Global health authorities are frantically pursuing a vaccine against the novel coronavirus in the hope that it will allow everyone to get back to a pre-COVID-19 reality ASAP. Thomas O'Rourke, a professor emeritus of community health, spoke to News Bureau life sciences editor Diana Yates about how those expectations are probably overblown.
If a vaccine is developed that is effective against the virus, won't that allow us to vaccinate against COVID-19 the way we vaccinate to prevent measles, mumps and other viral infections?
Dr. Anthony Fauci, the director of the National Institute of Allergy and Infectious Diseases, said scientists are hoping for a coronavirus vaccine that is at least 75% effective, but that 50% or 60% would be acceptable. Dr. Stephen Hahn, the Food and Drug Administration commissioner, has said the FDA would authorize a coronavirus vaccine so long as it is safe and at least 50% effective. That means that it will reliably prevent disease in more than half of those vaccinated.
A vaccine certainly will be a game-changer, but not necessarily the "cure-all" that many people envision.
What barriers to widespread vaccination do you foresee?
While public health experts agree that uniform policies of avoiding large crowds, maintaining social distancing, wearing masks, handwashing, widespread testing and follow-up are essential for reducing the spread of the coronavirus, a significant segment of the American population is ignoring these warnings and even expressing opposition to them. In this kind of climate, I see no reason to expect that vaccination will be universally accepted, either.
Even before COVID-19, opposition to vaccination was already a problem, despite the fact that vaccination is one of the most important public health achievements of the 20th century. For example, influenza kills tens of thousands of Americans annually and causes millions of illnesses, but less than 50% of Americans get an annual flu shot. While it is likely that millions of people in the U.S. would line up for a safe and effective vaccine, those who think the pandemic is a hoax will likely not participate. Younger adults and others who think they are not susceptible to COVID-19 likely will sit out.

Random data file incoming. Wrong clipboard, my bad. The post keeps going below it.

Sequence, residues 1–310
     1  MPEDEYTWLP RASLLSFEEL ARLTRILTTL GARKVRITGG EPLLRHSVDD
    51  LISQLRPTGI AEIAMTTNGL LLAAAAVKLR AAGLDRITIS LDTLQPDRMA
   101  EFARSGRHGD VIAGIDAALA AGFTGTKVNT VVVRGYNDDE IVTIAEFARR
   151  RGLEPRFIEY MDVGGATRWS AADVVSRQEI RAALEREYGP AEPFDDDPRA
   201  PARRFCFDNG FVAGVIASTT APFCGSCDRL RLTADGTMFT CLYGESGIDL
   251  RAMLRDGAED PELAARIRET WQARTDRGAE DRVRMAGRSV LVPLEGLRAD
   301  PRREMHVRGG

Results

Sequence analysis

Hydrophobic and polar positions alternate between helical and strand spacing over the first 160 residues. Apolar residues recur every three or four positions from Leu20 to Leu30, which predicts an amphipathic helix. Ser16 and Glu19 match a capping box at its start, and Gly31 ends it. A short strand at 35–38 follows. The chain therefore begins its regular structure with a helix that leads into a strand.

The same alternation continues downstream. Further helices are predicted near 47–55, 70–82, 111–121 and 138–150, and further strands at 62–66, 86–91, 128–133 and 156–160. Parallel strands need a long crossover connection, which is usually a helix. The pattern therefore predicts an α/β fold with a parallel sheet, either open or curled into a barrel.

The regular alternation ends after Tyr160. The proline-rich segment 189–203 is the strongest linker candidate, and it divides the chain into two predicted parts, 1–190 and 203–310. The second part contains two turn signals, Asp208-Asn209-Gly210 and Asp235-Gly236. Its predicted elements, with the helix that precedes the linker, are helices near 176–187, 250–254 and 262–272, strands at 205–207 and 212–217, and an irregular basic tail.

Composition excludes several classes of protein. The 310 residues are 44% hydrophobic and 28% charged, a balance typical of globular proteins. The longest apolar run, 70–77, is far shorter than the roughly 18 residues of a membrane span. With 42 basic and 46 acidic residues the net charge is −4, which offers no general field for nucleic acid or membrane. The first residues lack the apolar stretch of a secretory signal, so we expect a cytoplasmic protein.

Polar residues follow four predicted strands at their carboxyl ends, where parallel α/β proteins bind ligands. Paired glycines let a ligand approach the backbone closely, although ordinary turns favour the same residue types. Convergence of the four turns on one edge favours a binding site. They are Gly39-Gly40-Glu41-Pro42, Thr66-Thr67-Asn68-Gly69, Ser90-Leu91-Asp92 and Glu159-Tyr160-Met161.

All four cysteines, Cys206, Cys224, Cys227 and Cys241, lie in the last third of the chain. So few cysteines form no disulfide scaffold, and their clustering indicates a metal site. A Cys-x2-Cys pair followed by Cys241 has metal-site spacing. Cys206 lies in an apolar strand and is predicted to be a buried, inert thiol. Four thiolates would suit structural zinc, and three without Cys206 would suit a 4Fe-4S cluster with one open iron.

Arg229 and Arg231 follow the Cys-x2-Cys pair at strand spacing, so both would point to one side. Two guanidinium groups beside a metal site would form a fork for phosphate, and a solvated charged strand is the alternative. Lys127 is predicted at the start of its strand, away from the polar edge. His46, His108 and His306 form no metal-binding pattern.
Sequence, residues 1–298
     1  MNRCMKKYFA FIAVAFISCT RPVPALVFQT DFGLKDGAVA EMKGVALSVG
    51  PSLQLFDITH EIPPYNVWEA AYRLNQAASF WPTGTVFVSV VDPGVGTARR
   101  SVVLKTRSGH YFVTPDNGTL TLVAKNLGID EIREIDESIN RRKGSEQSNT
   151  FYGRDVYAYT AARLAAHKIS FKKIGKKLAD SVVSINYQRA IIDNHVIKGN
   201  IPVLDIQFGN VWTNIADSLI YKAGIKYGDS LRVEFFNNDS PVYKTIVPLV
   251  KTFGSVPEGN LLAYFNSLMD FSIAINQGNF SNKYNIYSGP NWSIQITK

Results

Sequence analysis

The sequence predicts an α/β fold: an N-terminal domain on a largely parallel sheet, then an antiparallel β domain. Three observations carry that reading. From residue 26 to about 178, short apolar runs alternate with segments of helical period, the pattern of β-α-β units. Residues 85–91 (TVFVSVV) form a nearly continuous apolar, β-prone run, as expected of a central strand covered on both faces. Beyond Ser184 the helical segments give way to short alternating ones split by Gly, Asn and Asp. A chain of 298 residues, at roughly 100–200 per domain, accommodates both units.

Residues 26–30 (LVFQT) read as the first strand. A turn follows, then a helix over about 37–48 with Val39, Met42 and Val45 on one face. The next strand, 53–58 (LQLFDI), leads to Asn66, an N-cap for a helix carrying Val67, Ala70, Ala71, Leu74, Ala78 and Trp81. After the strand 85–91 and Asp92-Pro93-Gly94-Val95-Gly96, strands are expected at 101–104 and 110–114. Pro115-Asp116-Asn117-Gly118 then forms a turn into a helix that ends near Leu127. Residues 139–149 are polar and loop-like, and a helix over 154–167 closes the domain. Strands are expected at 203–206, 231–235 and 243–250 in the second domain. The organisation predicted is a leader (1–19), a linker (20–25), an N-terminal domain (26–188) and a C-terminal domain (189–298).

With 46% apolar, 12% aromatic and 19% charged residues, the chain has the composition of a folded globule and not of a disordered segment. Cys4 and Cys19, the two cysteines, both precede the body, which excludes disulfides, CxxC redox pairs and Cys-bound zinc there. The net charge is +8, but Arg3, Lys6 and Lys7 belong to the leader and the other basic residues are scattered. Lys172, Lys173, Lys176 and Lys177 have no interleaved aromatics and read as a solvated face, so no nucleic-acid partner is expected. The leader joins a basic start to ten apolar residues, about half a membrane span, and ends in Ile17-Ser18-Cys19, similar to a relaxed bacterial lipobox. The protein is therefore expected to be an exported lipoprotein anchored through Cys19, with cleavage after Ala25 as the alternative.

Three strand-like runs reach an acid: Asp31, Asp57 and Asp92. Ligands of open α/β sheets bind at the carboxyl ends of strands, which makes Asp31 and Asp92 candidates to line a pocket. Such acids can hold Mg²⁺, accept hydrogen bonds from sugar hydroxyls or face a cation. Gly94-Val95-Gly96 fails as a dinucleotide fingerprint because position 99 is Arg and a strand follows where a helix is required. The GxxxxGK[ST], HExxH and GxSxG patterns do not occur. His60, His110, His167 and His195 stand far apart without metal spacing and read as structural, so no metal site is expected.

The mixed messages coming from all levels of government and public health officials also confuse the public, which may make some people hesitant to come forward for a vaccination.
Can mandatory vaccination work in the U.S.?
At present, there are no populationwide mandatory vaccinations for adults. Even assuming adequate supply, distribution and the removal of cost barriers to a coronavirus vaccine, I doubt that adequate public compliance will occur. If we have trouble getting the public to wear masks and practice social distancing, it is difficult to imagine that many will accept mandated vaccination.
A lot of people talk about "herd immunity." What is that and how does it work?
Herd immunity occurs when an adequate percentage of a population becomes immune to an infection, whether through vaccination or previous infections. As the proportion of immune individuals in a community increases, the probability that those who lack immunity will come into contact with infectious individuals decreases. Once herd immunity reaches a certain threshold, the disease gradually disappears from a population.
Herd immunity varies by disease. For measles, 92-94% of a population must be immune to stop transmission of the disease.
What public health messages will help with compliance?
The best approaches involve messages that are consistent with American values. These include concern for the common good, concern for family and friends, and the importance of personal responsibility.
We need messages that are not only factually accurate but persuasive and relevant, as well as culturally and linguistically appropriate. Our messages should be tailored to specific subpopulations that are at elevated risk. A "one-size-fits-all" approach will not work.
The idea that "if you build it, they will come" might be true for baseball movies and Disneyland, but not for adequate coronavirus-vaccination compliance. For that, we need effective messaging and broad public support. Building that kind of support will require expertise from behavioral scientists, health communicators and health education experts to complement the leadership of respected scientists like Dr. Fauci. In the end, it's all about behavior.
Provided by University of Illinois at Urbana-Champaign